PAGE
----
2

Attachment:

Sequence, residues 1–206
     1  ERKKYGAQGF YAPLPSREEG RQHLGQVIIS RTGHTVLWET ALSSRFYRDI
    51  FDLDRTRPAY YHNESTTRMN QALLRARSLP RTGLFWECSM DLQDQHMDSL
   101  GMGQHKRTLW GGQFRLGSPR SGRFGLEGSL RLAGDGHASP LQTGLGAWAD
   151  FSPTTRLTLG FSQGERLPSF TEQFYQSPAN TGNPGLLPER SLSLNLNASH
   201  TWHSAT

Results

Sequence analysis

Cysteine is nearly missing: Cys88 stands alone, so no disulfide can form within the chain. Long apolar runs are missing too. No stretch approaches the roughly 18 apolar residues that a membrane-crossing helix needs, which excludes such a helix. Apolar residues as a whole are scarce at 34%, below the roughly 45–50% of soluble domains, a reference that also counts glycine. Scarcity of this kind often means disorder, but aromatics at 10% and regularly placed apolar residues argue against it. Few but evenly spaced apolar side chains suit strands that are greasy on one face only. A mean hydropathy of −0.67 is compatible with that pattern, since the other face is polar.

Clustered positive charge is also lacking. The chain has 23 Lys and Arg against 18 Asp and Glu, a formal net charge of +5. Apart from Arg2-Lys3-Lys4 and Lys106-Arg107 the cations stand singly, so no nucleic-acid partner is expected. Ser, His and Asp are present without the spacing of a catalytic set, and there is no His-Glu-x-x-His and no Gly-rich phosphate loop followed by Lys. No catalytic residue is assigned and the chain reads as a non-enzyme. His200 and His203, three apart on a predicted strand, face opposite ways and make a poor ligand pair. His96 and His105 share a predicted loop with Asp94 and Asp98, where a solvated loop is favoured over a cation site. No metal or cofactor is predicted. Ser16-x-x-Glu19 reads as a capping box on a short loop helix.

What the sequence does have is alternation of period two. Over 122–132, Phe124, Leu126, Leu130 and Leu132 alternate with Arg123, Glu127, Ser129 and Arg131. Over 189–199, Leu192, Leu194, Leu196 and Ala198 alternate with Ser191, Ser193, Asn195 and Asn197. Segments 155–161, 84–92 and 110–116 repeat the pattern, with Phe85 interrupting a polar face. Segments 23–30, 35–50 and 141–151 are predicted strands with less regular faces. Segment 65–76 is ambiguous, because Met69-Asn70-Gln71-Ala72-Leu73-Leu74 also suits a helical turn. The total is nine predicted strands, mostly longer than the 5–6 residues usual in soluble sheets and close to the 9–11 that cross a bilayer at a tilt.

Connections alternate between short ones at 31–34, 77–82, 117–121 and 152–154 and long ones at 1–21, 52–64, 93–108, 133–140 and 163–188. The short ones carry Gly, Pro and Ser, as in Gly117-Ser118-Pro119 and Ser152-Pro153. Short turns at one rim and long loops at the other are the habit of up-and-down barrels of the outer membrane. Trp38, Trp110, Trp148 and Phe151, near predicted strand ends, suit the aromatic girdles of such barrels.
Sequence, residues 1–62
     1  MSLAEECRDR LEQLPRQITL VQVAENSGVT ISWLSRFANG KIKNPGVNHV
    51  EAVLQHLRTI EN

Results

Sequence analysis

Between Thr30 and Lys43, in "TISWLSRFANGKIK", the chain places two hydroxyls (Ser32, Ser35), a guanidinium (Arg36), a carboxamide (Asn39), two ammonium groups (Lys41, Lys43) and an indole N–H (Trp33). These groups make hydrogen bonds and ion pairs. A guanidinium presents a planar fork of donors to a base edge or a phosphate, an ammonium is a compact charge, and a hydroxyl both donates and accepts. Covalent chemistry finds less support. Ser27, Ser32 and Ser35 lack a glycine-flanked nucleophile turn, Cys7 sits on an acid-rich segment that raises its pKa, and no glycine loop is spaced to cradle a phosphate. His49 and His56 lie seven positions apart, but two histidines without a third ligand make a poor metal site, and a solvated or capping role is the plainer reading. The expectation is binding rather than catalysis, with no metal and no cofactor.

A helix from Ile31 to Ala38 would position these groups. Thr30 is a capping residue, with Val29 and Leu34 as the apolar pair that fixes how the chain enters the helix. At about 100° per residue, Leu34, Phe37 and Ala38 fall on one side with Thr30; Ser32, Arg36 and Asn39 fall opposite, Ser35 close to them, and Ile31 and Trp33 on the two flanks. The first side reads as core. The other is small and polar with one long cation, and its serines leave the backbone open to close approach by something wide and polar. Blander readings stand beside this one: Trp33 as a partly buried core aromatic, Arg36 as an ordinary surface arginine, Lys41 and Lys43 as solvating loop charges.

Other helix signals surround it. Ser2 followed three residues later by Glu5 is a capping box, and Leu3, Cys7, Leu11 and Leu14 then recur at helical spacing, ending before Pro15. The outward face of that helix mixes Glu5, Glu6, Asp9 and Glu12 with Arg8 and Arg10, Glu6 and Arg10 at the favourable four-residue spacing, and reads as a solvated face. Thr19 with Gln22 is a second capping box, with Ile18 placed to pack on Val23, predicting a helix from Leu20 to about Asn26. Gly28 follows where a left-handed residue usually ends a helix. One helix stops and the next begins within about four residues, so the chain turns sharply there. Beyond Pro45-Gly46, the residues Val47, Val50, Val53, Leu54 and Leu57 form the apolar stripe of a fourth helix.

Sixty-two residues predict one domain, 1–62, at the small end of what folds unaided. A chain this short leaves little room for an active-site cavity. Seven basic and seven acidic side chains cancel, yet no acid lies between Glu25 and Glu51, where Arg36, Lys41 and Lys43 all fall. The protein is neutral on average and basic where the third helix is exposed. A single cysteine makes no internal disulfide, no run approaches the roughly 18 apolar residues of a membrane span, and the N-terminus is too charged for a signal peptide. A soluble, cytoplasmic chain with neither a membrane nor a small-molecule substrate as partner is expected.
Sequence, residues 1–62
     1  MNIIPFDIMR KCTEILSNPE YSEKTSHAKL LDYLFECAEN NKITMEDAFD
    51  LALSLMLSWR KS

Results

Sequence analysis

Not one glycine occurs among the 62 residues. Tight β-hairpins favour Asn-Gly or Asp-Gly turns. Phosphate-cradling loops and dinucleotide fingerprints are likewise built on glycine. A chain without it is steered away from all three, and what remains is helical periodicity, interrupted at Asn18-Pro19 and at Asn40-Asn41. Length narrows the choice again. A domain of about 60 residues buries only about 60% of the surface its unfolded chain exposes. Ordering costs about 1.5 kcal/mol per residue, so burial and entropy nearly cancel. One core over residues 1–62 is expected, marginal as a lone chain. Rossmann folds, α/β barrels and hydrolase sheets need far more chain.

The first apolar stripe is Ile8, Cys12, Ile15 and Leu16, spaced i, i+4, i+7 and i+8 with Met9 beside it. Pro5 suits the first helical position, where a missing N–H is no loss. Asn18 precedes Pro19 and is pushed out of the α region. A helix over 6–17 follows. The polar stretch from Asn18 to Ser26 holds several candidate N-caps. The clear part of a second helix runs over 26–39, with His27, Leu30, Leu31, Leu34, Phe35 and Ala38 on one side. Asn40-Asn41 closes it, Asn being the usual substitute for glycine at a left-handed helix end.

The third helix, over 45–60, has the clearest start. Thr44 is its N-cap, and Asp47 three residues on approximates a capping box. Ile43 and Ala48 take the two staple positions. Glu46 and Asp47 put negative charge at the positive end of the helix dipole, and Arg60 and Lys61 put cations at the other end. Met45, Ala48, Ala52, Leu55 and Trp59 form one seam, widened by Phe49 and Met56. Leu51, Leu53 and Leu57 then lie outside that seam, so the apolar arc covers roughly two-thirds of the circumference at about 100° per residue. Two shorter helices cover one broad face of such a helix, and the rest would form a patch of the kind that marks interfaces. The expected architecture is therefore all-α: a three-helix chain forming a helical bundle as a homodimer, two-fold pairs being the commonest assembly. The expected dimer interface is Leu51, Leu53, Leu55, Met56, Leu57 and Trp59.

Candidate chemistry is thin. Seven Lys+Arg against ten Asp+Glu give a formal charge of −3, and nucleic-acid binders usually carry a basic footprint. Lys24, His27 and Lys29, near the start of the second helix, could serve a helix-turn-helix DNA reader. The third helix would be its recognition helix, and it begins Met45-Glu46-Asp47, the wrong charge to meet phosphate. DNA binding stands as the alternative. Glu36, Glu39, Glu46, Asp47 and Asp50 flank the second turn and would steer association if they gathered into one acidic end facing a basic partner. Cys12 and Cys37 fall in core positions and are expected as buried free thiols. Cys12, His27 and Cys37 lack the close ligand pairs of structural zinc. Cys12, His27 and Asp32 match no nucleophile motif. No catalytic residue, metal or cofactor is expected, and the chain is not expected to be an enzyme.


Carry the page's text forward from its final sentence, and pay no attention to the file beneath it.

937 cerebro-spinal fluid. There remain some cases where the patient has had antisyphilitic treatment over a long period and the blood persistently gives a positive W.R. In such cases there can be no certainty, and the risk, though possibly slight, must be explained to the patient. 3. It would be advisable to obtain a W.R. in every prospective mother, bearing in mind the special points mentioned above. 4. Every mother who has a positive W.R. and whose clinical history, or history of miscarriages, stillbirths, or of syphilitic children shows that she is syphilitic, should receive antisyphilitic treatment during each subsequent pregnancy. If the treatment is thorough such pregnancy will certainly result in the birth of a healthy child. I specially lay stress on each subsequent pregnancy, as I have known instances where a healthy child has been born as the result of treatment during one pregnancy, but that subsequently an infected child has been born owing to reliance being placed on the previous treatment. 5. Every infant born to a syphilitic parent should be examined by the W.R. at regular intervals up to the second year. 6. With the view of preventing the development of late congenital syphilis we are in the habit of examining as far as possible all the children of a syphilitic parent by the W.R., and have thus been able to discover a large number of cases in which disease has been latent and unrecognised. PUBLIC HEALTH IN BOMBAY.1 THE population of Bombay at the census ot1911 numbered 979,445 ; according to the provisional figures for the 1921 census, taken on March 18th, the population was 1,172,953 ; in the health officer’s report the statistical ratios had neces- sarily to be calculated on the basis of the 1911 enumeration, and these ratios must accordingly be understood as over- statements of ratios of births, deaths, and disease prevalence. The birth-rate in 1920 was 20-14 per 1000, as compared with 21-16 in 1919, and 21-51 in the quinquennium (1915-19) ; but on account of the large number of births unregistered (as shown by infants vaccinated), Dr. J. E. Sandilands, executive health officer, the author of the report for this i year, considers that the correct rate should be 27-53 per 1000. I As usual there were wide variations among the different ’I races that compose the population of the city ; for Hindus, I who form the majority (684,502) the birth-rate was 19-48 ; varying from 4-98 among Jains and 8-81 among Brahmins to 58-74 in those of " Low Caste," and 100-08 among the small community of Lingaits. For Mussulmans and Negro Africans I the ratio was practically the same (19-77). For Parsees it I was 26-27, for Anglo-Indians 26-74, and for Indian Christians 23-64; for " Europeans " 14-04. All these birth-rates are lower than in the previous year, except for Lingaits, Parsees, Jews, and Europeans, which show a slight increase, and that for Anglo-Indians, which is exactly the same. A com- parison of the ratios in the different sections of the city shows remarkable variations ; while in Fort South and Market sections the ratios were only 9-24 and 7-58 per 1000, in Upper Colaba and Byculla they were 47-52 and 59-68. Dr. Sandilands, however, states that " these ratios cannot be of much value for purposes of comparison, owing to the uneven distribution of single and married women of fertile age, which accounts in some measure for the remarkable differences in the rates recorded." The variation is, however, certainly remarkable. The General Death-rate. The general death-rate was 46-80 per 1000 ; in the previous year it had been 70-04; in 1918, 59-61; and in the decennium 1910-19, 39-56 ; of the whole population 79 per cent. live in one-room tenements. Here, again, the ratios varied enor- mously ; in the section called " Harbour, Docks, Railway, and Homeless " (with a population of 44,979) the mortality was 3-35 per 1000, practically the same as in the preceding quinquennium (3-86), while in Upper Colaba (population 1557) it was 84-13 (and 82-20 in the quinquennium) ; this ratio may possibly be explained by deaths in hospitals in this section, which should, of course, be debited to the dwelling of the patient, if the address is known. The infantile mortality (552 per 1000 live births) was less than that of 1919 (653), but higher than the decennial average (439) ; of the total 10,896 deaths under one year, 3873 were due to respiratory diseases, and 3549 to congenital debility and premature birth. A number of infants who die in the city are either not born there or not registered ; for this reason the ratios in the case of Jains and Brahmins (3862 and 1014) are absurd, but " unfortunately other figures in the table, which are reliable, tend to show that the actual as well as the apparent infantile death-rate in Bombay must be one of the highest in the world." There are few poor among the 1Administration Report of Municipal Commissioner, 1920-21. Health Officer’s Report for 1920. Bombay Times Press. 1921. Parsees, and their standard of education is high, yet the infantile mortality was 199 per 1000 births. Among Europeans the ratio was 311. (For the 96 great towns in England and Wales; including London, the infantile mortality in 1920 was 85 per 1000 births, in the metropolis alone it was 75.) After making all allowances, Dr. Sandilands is of opinion that the ratio cannot be estimated at less than 400 per 1000 births. Naturally there is great variation in the incidence in the various sections in the city ; thus, in Fort South the ratio was only 250 and in Walkeshwar 335-6, while in Byculla it was 725-7, in Mandvi 990-5,and in Market 995-6 ; the actual numbers in the last two sections were 344 and 228 respectively, but it is stated that the high ratios " must be taken as in some considerable measure due to the non-registration of births in the sections." Of the whole number of births 75-8 per cent. occurred in "families living alone in a single room or sharing it with others," and among these the mortality was 631-1 per 1000 births ; this, however, is a considerable improvement on the 1919 ratio, which had been 831-3 per 1000 births. Much has been done to reduce this excessive mortality by house visiting to find out prospective mothers and give advice, attendance on confinements, and provision of necessaries and comforts ; maternity homes, infant milk dep6ts, and infant welfare centres have been established. As many as 23,365 visits were paid by municipal nurses and 1252 confinements were attended by them. Epidemic Diseases. In regard to epidemic diseases, it is noteworthy that 1920 was the first year since 1896 during which there was no epidemic of plag11e; there were 347 attacks and 282 deaths, the mortality being 0-28 per 1000, as compared with 1-25 for the preceding quinquennium. In Middle and Lower Colaba section there were 30 fatal cases (1-52 per 1000, against 4-37 in the quinquennium); in no other section did the mortality exceed 0-60 per 1000 (except Parel, 0-63), and in Upper Colaba and Chowpati there were no fatal cases at all. Inoculation, rat destruction, evacuation, and disinfec- tion were carried out systematically and with success. Small-pox caused 294 deaths, or 0-30 per 1000, compared with 0-79 in 1919 and 0-70 in the quinquennium ; in Girgaum and Mahalakshmi sections the ratios were 0-87 and 0-76 ; in Upper Colaba, First Nagpada, and Sewri there was not a single death. Of the 48 infants who died from this disease, 40 were not vaccinated ; the vaccinal condition of the remaining eight could not be ascertained. Of the 19,731 infants whose births were registered, only 57-64 per cent. were vaccinated. Of the 18,008 Mahomedan pilgrims who embarked for the Mecca pilgrimage, 16,909 were vaccinated before leaving Bombay. In 1919 there had been 9658 cases of cholera in the city, of which 8455 were fatal, giving a death- rate of 8-63 per 1000 ; the sections most affected had been Parel and Sewri, with ratios of 22-27 and 20-29 respectively. In 1920 the cases numbered only 195 (of which 145 were imported) and the deaths 119, the ratio per 1000 being 0-12, 72 of these occurred in Esplanade section (4-53 per 1000) ; in no other section did the ratio exceed 0-16 (Sion), and in 11 sections there was not a single death. No testimony could be more conclusive than these figures as to the efficiency of the public health service under most difficult circumstances. Influenza was prevalent throughout the year, and 1605 deaths (1-63 per 1000) were attributed to this cause ; in 1919 the ratio had been 1-98, and in 1918 4-04. Tuberculosis caused 1841 deaths (1-87 per 1000), of which 1631 were due to phthisis ; this was a considerable improve- ment on the preceding year (2-83), and on the decennial average (2-39) ; the highest ratios (9-62 and 8-34) were registered in Esplanade and Upper Colaba sections ; the lowest (0-20) both in Sewri and in Harbour and Docks sections. Among Hindus generally the ratio was 1-61 ; among Mahomedans 2-83, and for Anglo-Indians 4.05. A tuberculosis sanatorium has been opened on Bhoiwada Hill at Parel, where 114 cases were under treatment, of whom 69 were discharged and 22 died. For ague and remittent fevers 3216 deaths were registered, and in addition 311 deaths from " malaria," under which heading other fevers may very likely have been included ; the mortality ratios were 3-28 and 0-31 per 1000 respectively. For the quinquennium 1915-19 the corresponding ratios had been 3-02 and 0-23. For malaria, and ague, and remittent fevers collectively (3-59 per 1000), the death ratios in the Ward sections of the city varied from 1’44 in Fort South and in Chukla to 9-28 in Sion and 10-06 in Sewri ; in regard to race, for Hindus generally the combined ratio was 4-01, for Mahomedans 3-57, for Parsees 1-01, for Anglo-Indians 0-23 per 1000. It is obvious that these wide variations in incidence depend on local conditions, and are not attributable to the climate. An investigation was carried out as tb the condition of the spleen in children in various poor class houses and charitable institutions ; 6614 children were examined, with the result that splenic enlargement was found in 4-41 per cent., the ratio varying from 0-79 per cent. in Chowpati section of Ward D to 12-47 per cent. in Worli section of Ward G.